What’s the best way to get an overview of a city – find a vantage point! Fortunately, Athens has a city mountain, the Lycabettus, which is simply wonderful for this.
At 277 metres, Lycabettus is the highest elevation in the centre of Athens. Greek mythology reports that Athena brought this mountain to the city to build a protective wall for the Acropolis. She found a suitable place and dropped the mountain there. Could have been like that or… the legend is believed that the goddess Athena carried a boulder of the Penteli mountain into the city to build her acropolis. At the same time she carried the infant Arechtheas on her back and half the mountain fell to the ground. The Lycabettus was born. Today, in any case, the Lycabettus is a popular viewpoint in Athens.
How do I get to the Lycabettus?
There are 2 ½ ways to get to the top of the mountain.
The ½ way does not go all the way to the highest point of the mountain. If you are travelling by car, there is a fairly large car park a little below – about halfway up. From there, you have to climb further on foot.
The most beautiful path is definitely the footpath up to the summit. Thanks to a law that prohibits any building on the hill, the slopes of Lycabettus are still lined with pine trees in which countless bird species nest. The path leads steeply uphill through a forest, partly with some steps, and you need some stamina to reach the top. From time to time there are viewpoints from which you get your first impressions of Athens. You can already see the Acropolis, the ancient Olympic Stadium and the port of Piraeus and can imagine how beautiful the view must be from the top.
Those who are not so good on foot have the option of taking the funicular up the mountain. The lower station is at the corner of Ploutarchou and Aristipou streets.
Tickets are available directly on site. If you want to pay by card, you can buy tickets at a vending machine. We paid €10 per person for the ascent and descent (as of 2023). Of course, it is also possible to buy individual rides.
The ride was not very spectacular, as it leads through a tunnel the whole time.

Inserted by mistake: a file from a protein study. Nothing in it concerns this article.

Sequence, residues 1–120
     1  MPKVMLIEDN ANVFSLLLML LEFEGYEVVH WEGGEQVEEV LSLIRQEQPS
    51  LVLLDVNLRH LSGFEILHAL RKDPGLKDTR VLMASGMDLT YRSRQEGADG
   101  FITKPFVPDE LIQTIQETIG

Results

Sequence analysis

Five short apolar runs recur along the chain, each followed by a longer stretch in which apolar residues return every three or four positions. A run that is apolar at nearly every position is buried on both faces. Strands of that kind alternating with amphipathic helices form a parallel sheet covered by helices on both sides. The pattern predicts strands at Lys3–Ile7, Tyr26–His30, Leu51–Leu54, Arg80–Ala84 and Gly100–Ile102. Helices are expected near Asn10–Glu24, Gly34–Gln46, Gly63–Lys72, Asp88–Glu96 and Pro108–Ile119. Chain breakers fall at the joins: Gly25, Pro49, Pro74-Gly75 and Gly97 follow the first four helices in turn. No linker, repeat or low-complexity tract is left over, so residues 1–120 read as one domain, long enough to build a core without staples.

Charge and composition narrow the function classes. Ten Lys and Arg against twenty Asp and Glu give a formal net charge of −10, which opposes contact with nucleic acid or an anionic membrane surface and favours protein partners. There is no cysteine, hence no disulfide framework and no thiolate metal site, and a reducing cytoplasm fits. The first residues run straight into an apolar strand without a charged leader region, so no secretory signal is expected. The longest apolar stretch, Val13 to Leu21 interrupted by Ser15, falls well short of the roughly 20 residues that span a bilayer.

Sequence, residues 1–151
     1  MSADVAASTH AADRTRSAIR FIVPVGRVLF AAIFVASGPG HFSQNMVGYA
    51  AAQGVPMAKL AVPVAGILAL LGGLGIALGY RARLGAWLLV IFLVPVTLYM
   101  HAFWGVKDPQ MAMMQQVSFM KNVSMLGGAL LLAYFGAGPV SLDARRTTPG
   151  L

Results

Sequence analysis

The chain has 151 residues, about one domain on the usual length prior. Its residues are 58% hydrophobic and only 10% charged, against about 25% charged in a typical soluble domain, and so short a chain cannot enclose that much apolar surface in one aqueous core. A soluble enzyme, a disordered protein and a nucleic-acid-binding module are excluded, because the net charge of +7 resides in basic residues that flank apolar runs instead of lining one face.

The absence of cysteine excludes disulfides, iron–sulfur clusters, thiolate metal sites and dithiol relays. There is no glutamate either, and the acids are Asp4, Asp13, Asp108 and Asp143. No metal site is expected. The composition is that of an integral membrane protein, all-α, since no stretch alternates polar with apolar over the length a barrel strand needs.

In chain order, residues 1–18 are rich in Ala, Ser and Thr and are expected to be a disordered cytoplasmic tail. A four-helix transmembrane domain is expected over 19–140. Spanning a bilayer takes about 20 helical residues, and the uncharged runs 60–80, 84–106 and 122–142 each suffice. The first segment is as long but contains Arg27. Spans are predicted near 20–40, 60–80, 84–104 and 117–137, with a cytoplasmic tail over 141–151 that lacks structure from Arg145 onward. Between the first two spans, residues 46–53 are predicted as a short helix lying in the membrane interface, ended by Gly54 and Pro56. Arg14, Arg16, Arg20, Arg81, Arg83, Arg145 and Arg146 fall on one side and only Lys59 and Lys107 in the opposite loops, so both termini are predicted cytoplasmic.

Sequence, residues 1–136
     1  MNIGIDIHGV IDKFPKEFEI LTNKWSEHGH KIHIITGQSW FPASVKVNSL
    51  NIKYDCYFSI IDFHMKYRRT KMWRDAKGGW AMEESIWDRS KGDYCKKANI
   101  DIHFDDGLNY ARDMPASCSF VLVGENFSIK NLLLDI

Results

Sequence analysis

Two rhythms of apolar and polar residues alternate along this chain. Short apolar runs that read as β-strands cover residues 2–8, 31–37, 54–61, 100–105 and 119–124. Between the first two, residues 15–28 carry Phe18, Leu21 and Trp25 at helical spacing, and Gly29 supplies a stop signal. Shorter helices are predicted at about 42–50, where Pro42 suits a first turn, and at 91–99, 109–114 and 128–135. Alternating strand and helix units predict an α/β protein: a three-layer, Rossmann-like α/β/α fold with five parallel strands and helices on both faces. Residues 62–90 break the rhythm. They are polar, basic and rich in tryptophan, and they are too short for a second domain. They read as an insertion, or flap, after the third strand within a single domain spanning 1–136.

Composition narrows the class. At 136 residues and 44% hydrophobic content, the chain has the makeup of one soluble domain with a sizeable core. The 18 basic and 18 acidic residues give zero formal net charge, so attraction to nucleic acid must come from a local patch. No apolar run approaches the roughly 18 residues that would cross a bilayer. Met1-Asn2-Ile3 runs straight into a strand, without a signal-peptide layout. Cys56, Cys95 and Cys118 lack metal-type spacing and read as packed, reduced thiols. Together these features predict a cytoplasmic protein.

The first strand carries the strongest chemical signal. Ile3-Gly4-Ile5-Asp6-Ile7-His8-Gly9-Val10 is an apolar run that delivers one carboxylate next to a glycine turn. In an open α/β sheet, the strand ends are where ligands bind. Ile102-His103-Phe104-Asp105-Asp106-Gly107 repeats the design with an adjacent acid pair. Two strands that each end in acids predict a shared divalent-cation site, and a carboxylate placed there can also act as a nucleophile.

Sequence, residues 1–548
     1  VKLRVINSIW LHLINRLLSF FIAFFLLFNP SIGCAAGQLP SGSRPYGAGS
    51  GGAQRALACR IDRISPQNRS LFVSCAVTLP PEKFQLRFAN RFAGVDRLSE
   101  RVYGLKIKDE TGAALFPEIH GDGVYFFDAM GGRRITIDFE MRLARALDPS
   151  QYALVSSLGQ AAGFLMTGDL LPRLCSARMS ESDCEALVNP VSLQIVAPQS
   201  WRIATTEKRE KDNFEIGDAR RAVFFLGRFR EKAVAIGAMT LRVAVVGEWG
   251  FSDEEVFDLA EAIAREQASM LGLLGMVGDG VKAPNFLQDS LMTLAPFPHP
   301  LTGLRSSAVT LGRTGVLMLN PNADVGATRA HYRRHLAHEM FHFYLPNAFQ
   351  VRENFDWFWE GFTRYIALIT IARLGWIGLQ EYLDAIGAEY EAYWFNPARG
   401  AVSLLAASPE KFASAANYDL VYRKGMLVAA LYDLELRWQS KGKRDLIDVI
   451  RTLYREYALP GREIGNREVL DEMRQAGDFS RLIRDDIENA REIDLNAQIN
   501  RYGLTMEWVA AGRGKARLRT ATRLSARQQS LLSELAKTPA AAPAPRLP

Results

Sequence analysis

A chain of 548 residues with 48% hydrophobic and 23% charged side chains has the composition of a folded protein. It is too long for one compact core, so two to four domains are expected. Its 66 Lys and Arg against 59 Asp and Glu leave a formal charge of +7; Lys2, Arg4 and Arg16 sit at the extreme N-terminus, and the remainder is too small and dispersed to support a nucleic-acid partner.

Only the oncoming train was visible during the short ride. Those hoping for a beautiful view should rather walk. We found it quite pleasant to ride up because of the heat. Although we also had a ticket for the downhill ride, we spontaneously decided to walk down to the valley.
Reached the top
Finally arriving at the summit, we get off the funicular and leave the mountain station.
Stairs lead us through the outside area of the restaurant. A quick glance at the menu tells us that if you want to eat here, you pay the “local bonus”. The food is a lot more expensive than in the small restaurants in town. On the other hand, there are some seats with a fantastic view, where other visitors don’t constantly walk past and you can sit in peace.
Arriving at the viewing terrace, we first stand in front of the small Saint George’s Chapel with its freestanding bell tower. A cute little church that you can also visit from the inside.
Even though there were not so many tourists in the city in May, I found it quite crowded on the viewing platform. I had previously read in many reports that the Lycabettus is one of the less crowded tourist spots in the city. Okay, against the crowds on the Acropolis this may be true, but the size of the visitors’ terrace is rather small and fills up more with each arrival of the funicular. To get to the very front of the viewing platform, for an unobstructed view of the city, I needed some patience. But it was worth it!
The visibility was quite good and the view over the greater Athens area impressive. What a sea of white houses and what a maze of streets! I had not imagined the city to be this big.
You can’t miss the Acropolis! What a beautiful view of the city’s most famous building. With our camera, we were able to get a little closer to the temple complex and even spot the countless visitors there.
When we changed our line of sight a little from the Lycabettus, I spot the Pan-Athenian Stadium, where the Olympic Games were once held.
In the background I could even see ships on the Saronic Gulf. If the view is really good, you should even be able to see the island of Aegina.
It was definitely worth it to visit the Athens City Hill. The view is unique!
Those who like it a little quieter should climb the mountain in the early morning hours or at dusk. Nature with its birdsong and chirping cicadas is wonderfully relaxing, and the viewing platform is also a little quieter at this time. The view over Athens at this time is simply beautiful!